in cultural anthropology, a cultural phenomenon that originates under one set of conditions and persists in a period when those conditions no longer obtain. The term was first employed by the British anthropologist Edward Burnett Tylor in his Primitive Culture (1871). Tylor believed that seemingly irrational customs and beliefs, such as peasant superstitions, were vestiges of earlier rational practices. He distinguished between continuing customs that maintained their function or meaning and those that had lost their utility and were further thought to be poorly integrated with the rest of culture. The latter he termed survivals.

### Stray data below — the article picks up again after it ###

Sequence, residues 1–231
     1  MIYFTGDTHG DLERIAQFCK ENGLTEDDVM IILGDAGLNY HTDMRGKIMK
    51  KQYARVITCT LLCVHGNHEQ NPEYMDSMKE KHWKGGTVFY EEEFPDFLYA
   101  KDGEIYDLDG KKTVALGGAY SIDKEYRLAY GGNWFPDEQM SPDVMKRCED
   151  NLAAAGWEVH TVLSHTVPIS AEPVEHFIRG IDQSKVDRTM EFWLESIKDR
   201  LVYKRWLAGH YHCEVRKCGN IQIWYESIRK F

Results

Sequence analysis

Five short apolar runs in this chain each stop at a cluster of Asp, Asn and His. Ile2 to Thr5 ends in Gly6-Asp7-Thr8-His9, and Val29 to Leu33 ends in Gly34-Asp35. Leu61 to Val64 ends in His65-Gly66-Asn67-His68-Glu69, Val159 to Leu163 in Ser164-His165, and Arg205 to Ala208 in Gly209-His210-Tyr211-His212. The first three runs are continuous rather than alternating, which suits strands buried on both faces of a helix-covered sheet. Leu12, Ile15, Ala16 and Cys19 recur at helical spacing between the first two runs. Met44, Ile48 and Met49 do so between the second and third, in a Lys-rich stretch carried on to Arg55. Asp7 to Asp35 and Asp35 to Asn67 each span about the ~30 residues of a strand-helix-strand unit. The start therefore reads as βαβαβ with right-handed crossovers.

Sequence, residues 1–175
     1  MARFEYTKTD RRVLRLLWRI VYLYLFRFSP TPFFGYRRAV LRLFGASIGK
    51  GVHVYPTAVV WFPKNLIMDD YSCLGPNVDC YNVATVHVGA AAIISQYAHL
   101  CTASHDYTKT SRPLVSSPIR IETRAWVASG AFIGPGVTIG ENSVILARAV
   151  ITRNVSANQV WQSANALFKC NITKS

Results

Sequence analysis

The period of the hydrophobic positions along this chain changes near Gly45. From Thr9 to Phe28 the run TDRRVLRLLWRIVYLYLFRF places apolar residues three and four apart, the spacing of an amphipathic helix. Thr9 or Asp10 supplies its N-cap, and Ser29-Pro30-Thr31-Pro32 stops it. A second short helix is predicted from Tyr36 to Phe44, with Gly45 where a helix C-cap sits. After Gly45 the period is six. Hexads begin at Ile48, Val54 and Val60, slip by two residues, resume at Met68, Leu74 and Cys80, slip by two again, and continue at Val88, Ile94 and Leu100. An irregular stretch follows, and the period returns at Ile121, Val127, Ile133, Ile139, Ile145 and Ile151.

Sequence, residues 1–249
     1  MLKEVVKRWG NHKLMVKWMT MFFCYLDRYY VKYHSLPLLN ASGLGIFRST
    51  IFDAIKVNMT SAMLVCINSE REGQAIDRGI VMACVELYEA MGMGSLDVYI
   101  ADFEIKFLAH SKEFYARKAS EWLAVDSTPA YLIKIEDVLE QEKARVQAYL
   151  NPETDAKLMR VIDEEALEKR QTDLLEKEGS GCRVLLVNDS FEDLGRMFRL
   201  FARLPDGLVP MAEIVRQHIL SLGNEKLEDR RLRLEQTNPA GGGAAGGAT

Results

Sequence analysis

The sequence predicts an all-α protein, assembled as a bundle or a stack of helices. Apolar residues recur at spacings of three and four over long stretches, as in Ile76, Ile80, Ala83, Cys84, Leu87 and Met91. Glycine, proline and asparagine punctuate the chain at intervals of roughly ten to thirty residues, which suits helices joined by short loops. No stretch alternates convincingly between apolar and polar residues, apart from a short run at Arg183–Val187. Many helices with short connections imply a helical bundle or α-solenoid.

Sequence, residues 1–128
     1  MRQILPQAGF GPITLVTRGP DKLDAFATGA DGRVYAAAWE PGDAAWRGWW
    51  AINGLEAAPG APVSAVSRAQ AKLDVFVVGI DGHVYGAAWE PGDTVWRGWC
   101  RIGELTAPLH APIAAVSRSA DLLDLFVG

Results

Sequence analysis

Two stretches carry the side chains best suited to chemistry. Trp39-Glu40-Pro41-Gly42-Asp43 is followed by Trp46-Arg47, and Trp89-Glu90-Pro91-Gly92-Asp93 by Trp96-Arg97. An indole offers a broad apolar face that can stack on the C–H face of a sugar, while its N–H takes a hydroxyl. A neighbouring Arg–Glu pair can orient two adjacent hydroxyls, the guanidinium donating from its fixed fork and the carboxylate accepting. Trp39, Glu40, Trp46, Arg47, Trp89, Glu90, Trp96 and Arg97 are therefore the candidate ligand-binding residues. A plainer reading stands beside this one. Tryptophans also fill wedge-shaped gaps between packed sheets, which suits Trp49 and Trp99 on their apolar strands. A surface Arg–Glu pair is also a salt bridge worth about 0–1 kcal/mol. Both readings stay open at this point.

Learn more about survival with a free trial on Britannica.com.